Who Is on this Bandwagon?
Pepe Martinez, a nationally syndicated Mexican columnist and author of the definitive biographies on two of Mexico’s richest men, Carlos Slim (Carlos Slim: Retrato Inedito. Oceano publishers, 2003) and Carlos Hank González (Las Enseñanzas del Profesor: Indigación de Carlos Hank González, Oceano publishers, 1999), tells Narco News that the Mexican side of this story can be traced back to September 11, 2001. As Rudy Giuliani began his political resurrection as the stand-in Commander and Chief, Carlos Slim donated large sums to aid New York. Little more than a year later, with Rudy Giuliani in private-money-making mode, and considered on the short list of future Republican Presidential hopefuls, Carlos Slim offered him $4.3 to lend Mexico City a hand.
Interestingly, Mexico City’s leftwing mayor, Andres Manuel Lopez Obrador, of the Democratic Revolution Party (PRD, in its Spanish initials) soon joined his Police Commissioner Marcelo Ebrard in welcoming Giuliani’s report. Here are some of Mexico’s most powerful figures – politicians with aspirations, Mexico’s richest man – Slim – who has a history of philanthropy, but no aspirations to run for office himself (according to biographer Martinez) – standing together in an unconventional marriage. But, what about Mexico City’s 12 million-plus Chilangos – where do they stand in this equation?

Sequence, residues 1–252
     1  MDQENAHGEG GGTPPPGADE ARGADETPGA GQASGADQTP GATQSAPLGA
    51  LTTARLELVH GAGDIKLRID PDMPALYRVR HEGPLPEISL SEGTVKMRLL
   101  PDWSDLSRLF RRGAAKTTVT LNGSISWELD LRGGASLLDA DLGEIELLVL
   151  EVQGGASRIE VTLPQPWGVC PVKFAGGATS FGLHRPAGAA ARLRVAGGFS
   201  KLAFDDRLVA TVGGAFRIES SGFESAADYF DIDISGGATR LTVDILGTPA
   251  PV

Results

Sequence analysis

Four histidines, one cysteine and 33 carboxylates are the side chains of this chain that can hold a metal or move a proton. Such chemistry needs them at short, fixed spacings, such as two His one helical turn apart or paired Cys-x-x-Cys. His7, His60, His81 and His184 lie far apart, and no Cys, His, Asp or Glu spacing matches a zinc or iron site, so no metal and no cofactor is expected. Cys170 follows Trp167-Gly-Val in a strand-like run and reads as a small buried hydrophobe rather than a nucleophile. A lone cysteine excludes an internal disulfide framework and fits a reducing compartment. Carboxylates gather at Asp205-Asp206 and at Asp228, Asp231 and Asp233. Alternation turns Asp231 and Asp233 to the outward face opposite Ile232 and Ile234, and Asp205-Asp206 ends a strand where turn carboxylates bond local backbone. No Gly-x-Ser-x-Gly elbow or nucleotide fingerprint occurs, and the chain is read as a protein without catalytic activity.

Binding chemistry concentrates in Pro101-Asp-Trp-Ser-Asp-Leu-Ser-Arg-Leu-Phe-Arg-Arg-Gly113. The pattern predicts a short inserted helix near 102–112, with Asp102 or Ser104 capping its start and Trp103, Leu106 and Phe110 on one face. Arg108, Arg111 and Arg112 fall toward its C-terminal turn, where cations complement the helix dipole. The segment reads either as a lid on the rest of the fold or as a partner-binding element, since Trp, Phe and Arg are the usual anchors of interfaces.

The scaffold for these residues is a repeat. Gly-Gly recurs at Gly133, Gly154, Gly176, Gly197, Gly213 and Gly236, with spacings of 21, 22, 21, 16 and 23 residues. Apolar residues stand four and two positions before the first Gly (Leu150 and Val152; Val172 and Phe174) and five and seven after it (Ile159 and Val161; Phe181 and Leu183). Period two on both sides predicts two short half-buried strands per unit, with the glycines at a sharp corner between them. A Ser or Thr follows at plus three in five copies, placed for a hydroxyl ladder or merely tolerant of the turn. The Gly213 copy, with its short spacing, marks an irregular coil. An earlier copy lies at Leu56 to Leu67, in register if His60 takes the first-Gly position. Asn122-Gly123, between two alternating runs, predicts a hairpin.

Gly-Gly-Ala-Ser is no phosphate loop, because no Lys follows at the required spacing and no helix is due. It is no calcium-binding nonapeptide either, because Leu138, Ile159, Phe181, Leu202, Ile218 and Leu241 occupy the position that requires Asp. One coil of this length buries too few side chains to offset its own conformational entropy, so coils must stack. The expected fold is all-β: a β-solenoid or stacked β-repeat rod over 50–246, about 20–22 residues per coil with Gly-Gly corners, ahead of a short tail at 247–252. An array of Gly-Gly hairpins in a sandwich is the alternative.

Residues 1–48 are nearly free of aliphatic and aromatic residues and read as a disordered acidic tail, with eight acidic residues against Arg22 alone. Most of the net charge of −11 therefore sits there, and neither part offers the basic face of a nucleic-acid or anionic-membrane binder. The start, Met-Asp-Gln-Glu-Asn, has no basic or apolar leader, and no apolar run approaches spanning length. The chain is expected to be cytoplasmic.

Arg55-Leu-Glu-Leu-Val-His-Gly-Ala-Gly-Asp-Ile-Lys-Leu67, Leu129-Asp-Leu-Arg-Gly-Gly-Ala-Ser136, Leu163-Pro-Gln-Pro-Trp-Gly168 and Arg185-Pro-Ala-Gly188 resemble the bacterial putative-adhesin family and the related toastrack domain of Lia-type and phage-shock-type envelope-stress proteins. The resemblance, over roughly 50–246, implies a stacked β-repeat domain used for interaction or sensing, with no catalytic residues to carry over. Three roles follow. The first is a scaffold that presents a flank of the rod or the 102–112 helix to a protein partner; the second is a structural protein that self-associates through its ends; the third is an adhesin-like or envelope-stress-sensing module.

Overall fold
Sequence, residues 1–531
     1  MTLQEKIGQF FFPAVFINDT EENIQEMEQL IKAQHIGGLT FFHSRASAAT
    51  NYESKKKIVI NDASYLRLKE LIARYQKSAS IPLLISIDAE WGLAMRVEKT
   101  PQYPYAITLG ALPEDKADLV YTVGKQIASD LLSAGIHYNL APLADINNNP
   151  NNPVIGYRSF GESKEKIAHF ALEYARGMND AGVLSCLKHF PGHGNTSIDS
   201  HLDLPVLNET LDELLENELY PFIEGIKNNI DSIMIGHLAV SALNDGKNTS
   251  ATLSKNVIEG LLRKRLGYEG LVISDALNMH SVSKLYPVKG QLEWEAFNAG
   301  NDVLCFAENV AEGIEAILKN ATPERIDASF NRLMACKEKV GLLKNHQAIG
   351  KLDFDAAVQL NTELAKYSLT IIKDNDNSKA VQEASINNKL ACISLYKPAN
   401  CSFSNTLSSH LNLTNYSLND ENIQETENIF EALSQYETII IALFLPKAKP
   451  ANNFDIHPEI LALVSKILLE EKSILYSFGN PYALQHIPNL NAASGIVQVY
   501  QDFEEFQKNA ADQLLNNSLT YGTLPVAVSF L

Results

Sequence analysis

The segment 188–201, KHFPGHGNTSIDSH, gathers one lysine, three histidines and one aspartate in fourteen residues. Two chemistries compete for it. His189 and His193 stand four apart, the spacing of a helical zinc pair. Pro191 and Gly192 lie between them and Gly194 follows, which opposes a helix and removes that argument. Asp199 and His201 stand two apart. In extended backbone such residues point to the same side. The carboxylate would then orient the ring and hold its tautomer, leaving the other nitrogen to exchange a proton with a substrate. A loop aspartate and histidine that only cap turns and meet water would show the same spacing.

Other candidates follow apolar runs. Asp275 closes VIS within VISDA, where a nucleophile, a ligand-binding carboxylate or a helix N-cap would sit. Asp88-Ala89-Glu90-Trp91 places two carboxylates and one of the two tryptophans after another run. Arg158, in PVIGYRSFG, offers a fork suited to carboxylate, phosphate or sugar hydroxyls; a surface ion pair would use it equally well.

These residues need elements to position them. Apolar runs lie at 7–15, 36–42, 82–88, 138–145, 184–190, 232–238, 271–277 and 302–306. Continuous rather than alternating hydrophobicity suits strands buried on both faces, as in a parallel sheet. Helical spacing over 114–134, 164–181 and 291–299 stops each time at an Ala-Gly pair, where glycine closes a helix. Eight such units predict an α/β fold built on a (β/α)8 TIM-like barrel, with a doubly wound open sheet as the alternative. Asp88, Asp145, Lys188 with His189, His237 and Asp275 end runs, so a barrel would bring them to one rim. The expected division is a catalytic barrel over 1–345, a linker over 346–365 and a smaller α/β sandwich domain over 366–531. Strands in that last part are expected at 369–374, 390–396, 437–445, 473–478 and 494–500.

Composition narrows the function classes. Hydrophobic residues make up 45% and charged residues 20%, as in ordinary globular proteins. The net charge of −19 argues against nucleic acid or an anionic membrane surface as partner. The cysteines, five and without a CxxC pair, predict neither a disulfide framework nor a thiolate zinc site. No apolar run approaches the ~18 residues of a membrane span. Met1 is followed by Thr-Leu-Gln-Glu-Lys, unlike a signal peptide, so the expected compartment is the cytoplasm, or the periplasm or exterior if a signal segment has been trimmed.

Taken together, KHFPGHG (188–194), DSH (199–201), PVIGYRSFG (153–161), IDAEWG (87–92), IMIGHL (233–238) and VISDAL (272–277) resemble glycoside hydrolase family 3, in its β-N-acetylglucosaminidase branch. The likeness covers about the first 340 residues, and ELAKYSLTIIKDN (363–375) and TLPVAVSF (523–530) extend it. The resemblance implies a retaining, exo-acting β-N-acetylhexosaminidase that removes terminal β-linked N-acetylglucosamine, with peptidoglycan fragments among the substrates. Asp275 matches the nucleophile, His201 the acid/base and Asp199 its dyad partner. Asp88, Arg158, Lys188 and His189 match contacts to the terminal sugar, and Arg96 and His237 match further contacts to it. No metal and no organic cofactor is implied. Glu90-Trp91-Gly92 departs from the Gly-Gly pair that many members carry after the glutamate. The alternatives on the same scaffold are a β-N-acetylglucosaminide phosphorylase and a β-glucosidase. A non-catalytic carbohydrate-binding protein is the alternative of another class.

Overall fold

There is no doubt that many city residents live in fear of crime and there is a pervading sense that something must be done. In that sense, most residents seemed to welcome a new approach and many were open-minded about the Giuliani announcement. But the questioning began in many circles even before the 146 planks of the crime plan were announced.
The Story in Mexico City
Originally promised for January, 2003, the Giuliani report did not arrive until August. Raul Fraga is a journalist and professor who has studied crime in the United States and Mexico since the 1980’s. He told Narco News that there were many explanations circulating about the delay, principally that the Giuliani team had not been able to do a sufficient diagnostic evaluation of the reality and problems in Mexico City and that there were discrepancies between preliminary recommendations and their applicability.